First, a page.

» Relieve the children’s/youth workers or leaders of further decision-making
responsibilities as soon as possible.
» Advise parents/guardians of known facts (NOTE: In the case of fatalities, police will
notify parents/guardians).
» Prevent media contact with children’s/youth workers, leaders, helpers, participants
or others involved in the incident/accident. Media can be advised to contact the
Communications Department53, THQ, for further information.
» Activate support for the person experiencing a critical incident/accident through the
Divisional Commander/National Manager or Secretary for Personnel, THQ. Persons
involved in a critical incident/accident may need to talk through the incident/
accident, discuss their reactions in a confidential environment and learn how to deal
with any reactions which they may experience.
» Inform other children/youth and families from the programme/event of essential
details.
SAFE TO SERVE > Section A > 3.2 > The Salvation Army > 37
Incident/Accident Reporting Process
Assess the situation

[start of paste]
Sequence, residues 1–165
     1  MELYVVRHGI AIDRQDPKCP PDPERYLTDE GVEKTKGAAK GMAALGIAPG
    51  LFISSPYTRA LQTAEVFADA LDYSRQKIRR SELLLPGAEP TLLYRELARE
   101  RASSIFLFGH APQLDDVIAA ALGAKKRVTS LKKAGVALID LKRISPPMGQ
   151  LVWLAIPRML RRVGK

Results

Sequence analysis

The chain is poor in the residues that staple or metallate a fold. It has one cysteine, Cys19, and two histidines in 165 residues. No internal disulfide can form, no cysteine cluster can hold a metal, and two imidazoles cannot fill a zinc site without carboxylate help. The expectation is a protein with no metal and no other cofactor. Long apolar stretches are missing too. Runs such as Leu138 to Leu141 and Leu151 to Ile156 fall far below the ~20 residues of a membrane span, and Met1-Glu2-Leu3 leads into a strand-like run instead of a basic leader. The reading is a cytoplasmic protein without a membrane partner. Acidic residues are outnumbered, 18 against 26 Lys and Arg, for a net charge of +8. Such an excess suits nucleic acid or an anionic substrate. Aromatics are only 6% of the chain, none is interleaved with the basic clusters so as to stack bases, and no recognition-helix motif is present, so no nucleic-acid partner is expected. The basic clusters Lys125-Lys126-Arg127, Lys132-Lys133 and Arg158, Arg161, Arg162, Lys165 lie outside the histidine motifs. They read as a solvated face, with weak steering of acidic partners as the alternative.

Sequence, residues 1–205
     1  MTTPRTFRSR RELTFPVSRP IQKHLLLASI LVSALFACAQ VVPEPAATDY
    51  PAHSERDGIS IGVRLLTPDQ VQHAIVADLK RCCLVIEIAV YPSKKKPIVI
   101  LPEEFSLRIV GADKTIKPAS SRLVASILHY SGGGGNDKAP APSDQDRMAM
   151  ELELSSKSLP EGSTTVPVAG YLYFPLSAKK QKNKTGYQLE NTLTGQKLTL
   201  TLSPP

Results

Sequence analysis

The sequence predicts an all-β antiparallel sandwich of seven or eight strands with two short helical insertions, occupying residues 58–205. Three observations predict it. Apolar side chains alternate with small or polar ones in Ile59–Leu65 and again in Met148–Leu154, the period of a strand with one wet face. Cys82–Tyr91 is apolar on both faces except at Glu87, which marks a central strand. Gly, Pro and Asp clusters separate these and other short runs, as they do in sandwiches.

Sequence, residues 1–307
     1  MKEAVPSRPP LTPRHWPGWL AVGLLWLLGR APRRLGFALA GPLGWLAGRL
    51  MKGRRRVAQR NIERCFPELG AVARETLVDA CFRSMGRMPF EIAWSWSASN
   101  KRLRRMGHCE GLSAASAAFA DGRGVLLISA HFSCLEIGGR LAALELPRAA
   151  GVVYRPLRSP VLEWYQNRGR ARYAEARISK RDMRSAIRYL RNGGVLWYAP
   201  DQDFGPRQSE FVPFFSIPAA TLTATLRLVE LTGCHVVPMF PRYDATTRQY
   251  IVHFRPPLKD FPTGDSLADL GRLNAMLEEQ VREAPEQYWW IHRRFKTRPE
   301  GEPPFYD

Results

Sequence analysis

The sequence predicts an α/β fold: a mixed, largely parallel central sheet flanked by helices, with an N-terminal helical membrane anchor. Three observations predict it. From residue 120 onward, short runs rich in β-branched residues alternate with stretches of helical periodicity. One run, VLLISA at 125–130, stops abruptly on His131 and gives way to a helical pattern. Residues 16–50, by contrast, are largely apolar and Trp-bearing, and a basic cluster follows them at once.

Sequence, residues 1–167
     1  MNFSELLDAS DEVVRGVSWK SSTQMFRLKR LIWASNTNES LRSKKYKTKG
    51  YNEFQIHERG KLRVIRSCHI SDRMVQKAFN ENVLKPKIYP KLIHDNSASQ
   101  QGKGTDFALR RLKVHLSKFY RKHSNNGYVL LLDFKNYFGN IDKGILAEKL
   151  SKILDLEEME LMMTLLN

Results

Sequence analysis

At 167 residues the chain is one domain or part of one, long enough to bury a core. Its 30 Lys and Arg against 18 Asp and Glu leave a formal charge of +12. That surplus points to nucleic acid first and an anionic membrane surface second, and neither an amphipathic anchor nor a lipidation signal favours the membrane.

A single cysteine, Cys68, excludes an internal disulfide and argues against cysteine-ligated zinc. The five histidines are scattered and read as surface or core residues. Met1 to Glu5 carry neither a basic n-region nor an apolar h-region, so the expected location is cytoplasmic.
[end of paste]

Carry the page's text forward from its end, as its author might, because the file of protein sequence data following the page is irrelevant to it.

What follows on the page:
1 » Ensure the physical safety of the victim
2 » Call emergency services (111) if necessary
3 » Provide First Aid treatment if needed
4 » Ensure the safety of others
NO
Notify parents/
guardians of any First
Aid administered, apart
from minor First Aid
Is ‘serious harm’ involved?
Notify the Corps
Officer/ Centre
Manager
Complete accident report form HSE 5.1 and send
copy to Secretary for Personnel, THQ
If further investigation advised
YES
YES
Notify OSH by phone (0800 20 90 20)
or fax (04 499 0891) as soon as possible.
NOTE: Obtain site clearance (permission to
disturb/alter accident site) and make the scene
safe or ensure it is not disturbed till OSH visit.
Notify the Corps Officer/
Centre Manager
Notify parents/
guardians (Note:
In case of fatalities,
police will notify)
Notify Secretary for Personnel, THQ, immediately
Contact DC/National Manager, DYS/DCS, leadership team
and other extended specialist support people as required
Complete accident report form HSE 5.1